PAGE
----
3 Yin (～) is commonly used in folk music from all over the world. It is a kind of qiang yin in which the sound changes regularly around the given note. It could be mistaken as the vibrato of Western classical music. But it differs because its frequency is faster, its amplitude is greater, and the skill to perform it on the clarinet is also different. Vibrato can be played with the breath, but yin must be done with the chin.
First, we can play a note with accents (>). A big amount of air should be prepared. Once the note comes out, a rapid decrescendo has to be done for the accent effect. Then, we can play a long note with many accents, making the sound vibrate continuously and evenly, as in vibrato in classical music. And in order to reach more dramatic results, the chin should start to move regularly. It is best to start playing yin in the middle register as shown in Example 4, moving the chin up and down five times per beat; on each movement cycle the pitch should come back to the given note. Next, increase the chin movement and increase the vibration frequency, with constant stability. After that, practice the higher and lower register.
When playing Béla Kovács’s Sholem Alekhem, rov Feidman (Example 5), move the chin with the sound of “ya ya ya ya ya” when playing longer notes, which can show the characteristics of klezmer music. In Swan Goose (Example 6), adapted from a Chinese Mongolian folk song, the melody is long and slow, and its artistic concept is wide and far away. The use of yin is helpful to express delicate emotions and reflect the traditional Chinese music style.
Jörg Widmann, a German clarinetist and composer, not only uses microtones and extreme dynamics in his work Three Shadow Dances, but also incorporates yin, chuo, and zhu (Example 7) to make the music unpredictable and have distinct modern characteristics. When playing altissimo F-sharp, it is advisable to use chin tremor to enhance the effect of yin. When playing altissimo D-flat in the sixth measure, it should be played softly first, but then gradually increase the volume, slightly releasing the chin, and at the same time slightly adjusting the direction of the exhalation downward, Finally, play with the yin technique when reaching the high C, to highlight the personality of the music.
4 Nao (～or ∽) is a technique characteristic of several folk musics around the world. It’s one of the types of qiang yin in which the sound starts from chuo to zhu (up, then down), or from zhu to chuo (down, then up), then finally returns to the given note. According to those two different directions of the glide, there are two names are given to nao: chuonao and zhunao.
To play chuonao on the clarinet, we should pay attention to finger movement at first. The fingers lead the pitch movement while the air and mouth are moving as well, and then play zhu, repeating several times. When playing zhunao, at first we should pay attention to the tongue, gradually moving down the tongue position, relaxing the embouchure, and slowing down the air speed. After that we can play chuo, and repeat several times.
When practicing chuonao, we should work on the left-hand part first. Start from the clarion G, then continue by working on the right hand from clarion D. Gradually slow down the process of chuo, increasing the pitch change, finally connecting the fingers of both hands. Then practice the high register and the middle register. Zhunao can be practiced from clarion high C or B. First, practice the left-hand part, using zhu to glide to clarion G, and then practice the right-hand part, making zhu reach the clarion D. Then connect the fingers of both hands, as if the tone is slowly drawn in a circle and gradually enlarged and rounded (the shape of ∞).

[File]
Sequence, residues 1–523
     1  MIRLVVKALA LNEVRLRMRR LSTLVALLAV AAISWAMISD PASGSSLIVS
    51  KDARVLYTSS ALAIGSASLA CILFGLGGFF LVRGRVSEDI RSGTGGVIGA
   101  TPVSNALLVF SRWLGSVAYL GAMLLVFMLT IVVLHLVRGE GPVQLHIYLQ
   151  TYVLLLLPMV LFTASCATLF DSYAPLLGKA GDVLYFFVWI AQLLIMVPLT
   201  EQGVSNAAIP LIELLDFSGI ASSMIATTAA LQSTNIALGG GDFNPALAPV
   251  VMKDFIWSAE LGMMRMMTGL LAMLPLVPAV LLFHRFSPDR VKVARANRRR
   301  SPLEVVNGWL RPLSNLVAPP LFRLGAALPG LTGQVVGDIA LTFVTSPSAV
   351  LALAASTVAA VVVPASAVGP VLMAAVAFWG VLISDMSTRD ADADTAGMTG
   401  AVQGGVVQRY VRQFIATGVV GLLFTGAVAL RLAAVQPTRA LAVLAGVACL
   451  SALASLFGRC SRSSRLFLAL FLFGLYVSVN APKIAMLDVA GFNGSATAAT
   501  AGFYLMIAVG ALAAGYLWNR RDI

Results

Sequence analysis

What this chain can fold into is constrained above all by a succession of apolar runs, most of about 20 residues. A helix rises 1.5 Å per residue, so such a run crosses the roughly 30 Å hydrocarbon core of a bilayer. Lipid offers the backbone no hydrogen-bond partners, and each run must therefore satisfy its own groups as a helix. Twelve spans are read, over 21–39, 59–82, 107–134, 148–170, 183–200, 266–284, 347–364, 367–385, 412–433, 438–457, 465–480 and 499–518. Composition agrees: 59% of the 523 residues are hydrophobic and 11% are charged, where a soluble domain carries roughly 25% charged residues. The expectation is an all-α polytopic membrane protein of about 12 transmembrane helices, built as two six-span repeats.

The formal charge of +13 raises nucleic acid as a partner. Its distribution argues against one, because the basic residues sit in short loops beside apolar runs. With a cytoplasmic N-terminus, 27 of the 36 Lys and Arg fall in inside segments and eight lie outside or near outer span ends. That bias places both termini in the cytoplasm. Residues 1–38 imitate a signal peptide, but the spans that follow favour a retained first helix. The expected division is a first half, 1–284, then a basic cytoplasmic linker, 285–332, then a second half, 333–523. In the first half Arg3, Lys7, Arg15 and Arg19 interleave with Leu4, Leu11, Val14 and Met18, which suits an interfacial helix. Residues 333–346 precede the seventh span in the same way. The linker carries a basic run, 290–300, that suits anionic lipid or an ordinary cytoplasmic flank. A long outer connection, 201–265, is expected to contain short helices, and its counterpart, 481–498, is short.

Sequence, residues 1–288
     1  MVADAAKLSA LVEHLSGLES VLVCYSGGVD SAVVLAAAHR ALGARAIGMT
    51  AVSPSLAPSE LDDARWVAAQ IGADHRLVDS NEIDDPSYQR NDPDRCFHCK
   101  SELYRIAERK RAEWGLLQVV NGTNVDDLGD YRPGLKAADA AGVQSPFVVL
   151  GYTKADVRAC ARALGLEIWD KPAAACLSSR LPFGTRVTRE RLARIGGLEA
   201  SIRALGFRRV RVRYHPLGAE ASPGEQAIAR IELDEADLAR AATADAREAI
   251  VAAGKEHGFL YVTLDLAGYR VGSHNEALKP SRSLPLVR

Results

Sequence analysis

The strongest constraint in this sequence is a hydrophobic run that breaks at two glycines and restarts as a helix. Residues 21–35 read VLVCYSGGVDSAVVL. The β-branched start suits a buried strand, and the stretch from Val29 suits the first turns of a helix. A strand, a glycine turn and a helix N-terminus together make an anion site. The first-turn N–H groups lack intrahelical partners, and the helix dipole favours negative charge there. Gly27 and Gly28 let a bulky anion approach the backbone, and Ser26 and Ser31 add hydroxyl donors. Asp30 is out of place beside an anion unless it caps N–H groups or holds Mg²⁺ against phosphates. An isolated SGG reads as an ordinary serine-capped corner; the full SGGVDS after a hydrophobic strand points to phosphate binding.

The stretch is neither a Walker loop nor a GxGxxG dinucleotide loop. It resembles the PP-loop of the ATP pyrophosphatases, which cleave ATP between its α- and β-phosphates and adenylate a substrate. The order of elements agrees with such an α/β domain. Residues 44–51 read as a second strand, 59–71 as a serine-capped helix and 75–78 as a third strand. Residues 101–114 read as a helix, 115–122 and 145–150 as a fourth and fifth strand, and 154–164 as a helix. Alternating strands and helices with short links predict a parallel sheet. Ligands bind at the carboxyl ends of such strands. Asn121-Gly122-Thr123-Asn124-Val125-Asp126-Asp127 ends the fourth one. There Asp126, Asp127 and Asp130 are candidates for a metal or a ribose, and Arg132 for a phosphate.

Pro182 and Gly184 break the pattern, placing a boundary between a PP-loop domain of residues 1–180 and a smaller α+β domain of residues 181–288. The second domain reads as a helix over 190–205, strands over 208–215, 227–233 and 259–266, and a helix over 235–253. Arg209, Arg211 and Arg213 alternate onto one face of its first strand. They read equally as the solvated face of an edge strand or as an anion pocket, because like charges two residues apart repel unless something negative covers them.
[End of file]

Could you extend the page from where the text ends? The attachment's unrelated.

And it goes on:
If nao and yin are linked, we call it yinnao. When playing yinnao, at first the nao should be done, and then play yin. To play yinnao the frequency should change regularly; if combined with the chin movement, the effect is more obvious. Huang Anlun composed Caprice for Clarinet and Piano (Example 8), re-arranged from the northern Shanxi folk song “The Drovers Spirit.” In the fourth bar (from F-sharp to B) and the seventh bar (around the F-sharp), we should play chuonao and zhunao respectively. It helps to make the music flow while conveying the uneasy mood of the girl, hoping for her lover to come back.
In the Ballad of Spinning Wheel, adapted from a Korean folk song (Example 9), we should adopt nao when playing clarion G, imitating the big vibrato “shaking note” in Korean music, to highlight that national style.
It is worth mentioning that different brands of clarinets and reeds will produce different effects of chuo, zhu, yin, and nao. But the fundamental factor is the player, as their technique control and sensitivity plays a big role in achieving these effects. Therefore, the performers should make further adjustments in practice to achieve better artistic results.
With the rapid development of the world, its music has been widely spreading, reaching every corner. At the same time, Eastern and Western cultures have been deeply integrated. Musical instrument timbres have been further developed, and different types of performance techniques have been shared and learned from each other, effectively promoting the modernization of the musical art. Composers use different musical ideas for the clarinet in chamber music, and orchestral works that require a variety of techniques to perform. Mastering the qiang yin can help not only to interpret the modern works of European and American music, but also to understand the styles of various ethnic musics in the world, including Chinese traditional music—which in our opinion is a necessity for the enrichment of the clarinet. This will not only benefit the diversified development of clarinet performance, but also promote the modernization of the art of clarinet playing.
1 Du Yaxiong, Chinese Music Theory (Shanghai Conservatory of Music Press, January 2017) 1st edition, p. 100.
2 Mao Yurun, “Zhou Wenzhong’s treatise on single note,” Music Art no. 1 (1985), 86.
3 Du Yaxiong, “Fundamentals of Chinese Music Theory and Its Cultural Basis,” Eurasian Studies Yearbook 71 (1999), 34-80.